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To love is to be vulnerable. C S Lewis
Crusading Bloggers Exposing Abuse in Protestant Churches: No one was paying attention — until these armchair investigators came along
For those of you who know me, this Washington Post article was a real stretch. I like being in my quiet house, pecking away on my computer with my able pugs who advise me and keep Steve trapped under the table (Inside joke.) Besides, I am here to tell the stories of victims, along with observing trends in evangelicalism and helping folks to avoid hyper authoritarian churches who just love to discipline their members. It’s not really about me.
When I was first approached about the possibility of an article, I have to admit that I was a bit frightened. Journalists are different than bloggers. They elicit your thoughts and then they fact check. There is no guarantee that they will see what you want them to see. They may negatively view what you do.
Jesus said that we are to be lights on a hill. That means that people can see who we are and what we are doing. Was I willing to risk this? Or did I want to hide behind the door and only hang out with those who won’t challenge me? Recently, someone wrote on a blog that all they want to do is find nice, happy people who don’t stress them out.
Jesus saw things quite differently. He saw those who are hurting and spent time with them. He didn’t hang around the *happy* people. In fact, His disciples could be a royal pain in the butt at times.
They replied, “Let one of us sit at your right and the other at your left in your glory.”(Mark 10:37 NIV)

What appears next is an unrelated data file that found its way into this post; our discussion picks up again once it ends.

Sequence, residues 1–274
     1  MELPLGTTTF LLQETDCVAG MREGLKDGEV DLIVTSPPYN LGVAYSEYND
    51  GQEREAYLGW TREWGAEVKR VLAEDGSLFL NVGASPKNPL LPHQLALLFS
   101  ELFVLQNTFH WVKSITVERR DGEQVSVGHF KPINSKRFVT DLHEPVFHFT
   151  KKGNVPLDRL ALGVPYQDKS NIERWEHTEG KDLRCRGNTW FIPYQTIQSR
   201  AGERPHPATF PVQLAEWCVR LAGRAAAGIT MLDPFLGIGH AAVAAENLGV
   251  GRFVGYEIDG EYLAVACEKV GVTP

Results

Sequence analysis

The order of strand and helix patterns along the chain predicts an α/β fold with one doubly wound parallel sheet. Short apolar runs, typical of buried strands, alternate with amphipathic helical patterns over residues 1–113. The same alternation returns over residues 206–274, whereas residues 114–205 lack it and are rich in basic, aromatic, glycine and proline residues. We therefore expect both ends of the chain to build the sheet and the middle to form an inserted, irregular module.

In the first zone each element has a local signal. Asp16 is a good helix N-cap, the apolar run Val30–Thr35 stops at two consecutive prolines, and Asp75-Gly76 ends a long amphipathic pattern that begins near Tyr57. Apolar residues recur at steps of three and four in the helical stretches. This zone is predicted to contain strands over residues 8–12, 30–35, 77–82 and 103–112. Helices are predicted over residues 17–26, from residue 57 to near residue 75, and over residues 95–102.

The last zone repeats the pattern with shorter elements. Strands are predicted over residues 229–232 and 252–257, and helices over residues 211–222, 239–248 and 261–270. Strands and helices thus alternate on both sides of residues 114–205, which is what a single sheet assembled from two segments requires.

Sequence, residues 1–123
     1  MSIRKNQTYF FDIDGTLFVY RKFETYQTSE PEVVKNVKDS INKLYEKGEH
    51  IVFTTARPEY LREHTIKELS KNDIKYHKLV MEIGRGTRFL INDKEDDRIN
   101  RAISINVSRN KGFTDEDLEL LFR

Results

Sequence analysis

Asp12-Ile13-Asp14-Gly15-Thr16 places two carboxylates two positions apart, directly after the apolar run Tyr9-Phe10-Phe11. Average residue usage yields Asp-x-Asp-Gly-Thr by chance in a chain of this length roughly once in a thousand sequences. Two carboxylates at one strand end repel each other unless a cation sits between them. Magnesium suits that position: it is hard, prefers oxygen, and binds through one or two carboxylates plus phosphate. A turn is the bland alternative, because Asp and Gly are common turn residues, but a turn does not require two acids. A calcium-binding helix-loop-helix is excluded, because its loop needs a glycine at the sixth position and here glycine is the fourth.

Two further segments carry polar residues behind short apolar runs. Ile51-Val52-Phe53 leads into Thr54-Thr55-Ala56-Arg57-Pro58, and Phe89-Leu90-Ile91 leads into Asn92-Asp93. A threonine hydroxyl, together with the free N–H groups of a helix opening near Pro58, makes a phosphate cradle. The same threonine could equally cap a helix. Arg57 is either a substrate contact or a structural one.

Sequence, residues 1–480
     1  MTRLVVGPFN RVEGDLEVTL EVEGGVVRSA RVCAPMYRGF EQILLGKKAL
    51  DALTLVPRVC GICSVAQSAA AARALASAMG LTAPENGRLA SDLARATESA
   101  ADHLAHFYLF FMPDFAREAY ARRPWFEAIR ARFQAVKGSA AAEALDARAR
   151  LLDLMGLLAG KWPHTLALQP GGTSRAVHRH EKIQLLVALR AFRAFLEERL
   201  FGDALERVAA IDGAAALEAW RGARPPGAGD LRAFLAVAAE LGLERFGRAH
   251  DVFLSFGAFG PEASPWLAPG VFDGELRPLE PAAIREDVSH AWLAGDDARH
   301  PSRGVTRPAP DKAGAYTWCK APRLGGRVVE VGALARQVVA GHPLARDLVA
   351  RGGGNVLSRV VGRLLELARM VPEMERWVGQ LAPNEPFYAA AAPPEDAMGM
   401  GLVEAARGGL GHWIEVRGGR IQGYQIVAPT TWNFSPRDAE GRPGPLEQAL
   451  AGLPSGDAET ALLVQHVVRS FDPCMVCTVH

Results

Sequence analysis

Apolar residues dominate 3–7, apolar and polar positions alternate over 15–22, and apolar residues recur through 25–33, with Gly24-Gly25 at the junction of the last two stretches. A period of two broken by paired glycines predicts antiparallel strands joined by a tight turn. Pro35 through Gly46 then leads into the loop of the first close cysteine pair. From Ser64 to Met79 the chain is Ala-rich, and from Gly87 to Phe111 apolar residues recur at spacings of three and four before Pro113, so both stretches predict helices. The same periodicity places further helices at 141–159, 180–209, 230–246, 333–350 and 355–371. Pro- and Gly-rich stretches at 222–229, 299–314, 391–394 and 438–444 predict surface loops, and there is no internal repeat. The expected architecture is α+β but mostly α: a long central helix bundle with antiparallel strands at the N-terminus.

If Jesus thought we should all attain a stress free, happy life, He sure had a funny way of modeling that to us. When we get to heaven, will we proudly say “Hey Jesus, I just cruised on through life, maximizing my happiness and avoiding all that unpleasantness?” Meantime, Jesus will be standing there with the nail pierced hands and scarred back…
So, one day, I threw my hands up in the air and said “Ok, God. I’ll give it a go.” Sarah Stankorb from The Washington Post came to my house and sat at the kitchen table with my pugs adding to the ambience. We began a conversation that lasted over 2 hours. I knew she was really good at what she did because I was surprised to see how fast the time passed.
We talked about the good things. For example, I spoke about how wonderful it is to meet so many wonderful people, like those who comment on the blog, as well as other bloggers. I spoke of my frustration in trying to put out all of my posts and not having time to make things like spelling come out perfectly. By the way, I enjoy putting out the posts and that is why I keep on writing. Spelling, not so much….
I told her about the pain I feel when I listen to victims’ stories and how I cannot believe that leaders in the church universal would do such things. But I should know this because the gospel not only saves me but educates me about the pervasive sin in this world and that sin is also found in the church. Yet somehow leaders want to cover it up to *protect the church.* Protect the church from what? From admitting that their leaders are also sinners and some of those sins are even crimes?
And over the next number of months she asked me all sorts of questions. Then, she called churches, pastors and predators that I have known. And you know what? I found out that some of those churches have become a lot more serious about protecting their churches from predators. Maybe, just maybe, we’ve made little progress. However, looking at some notes I got today, we still have a long way to go.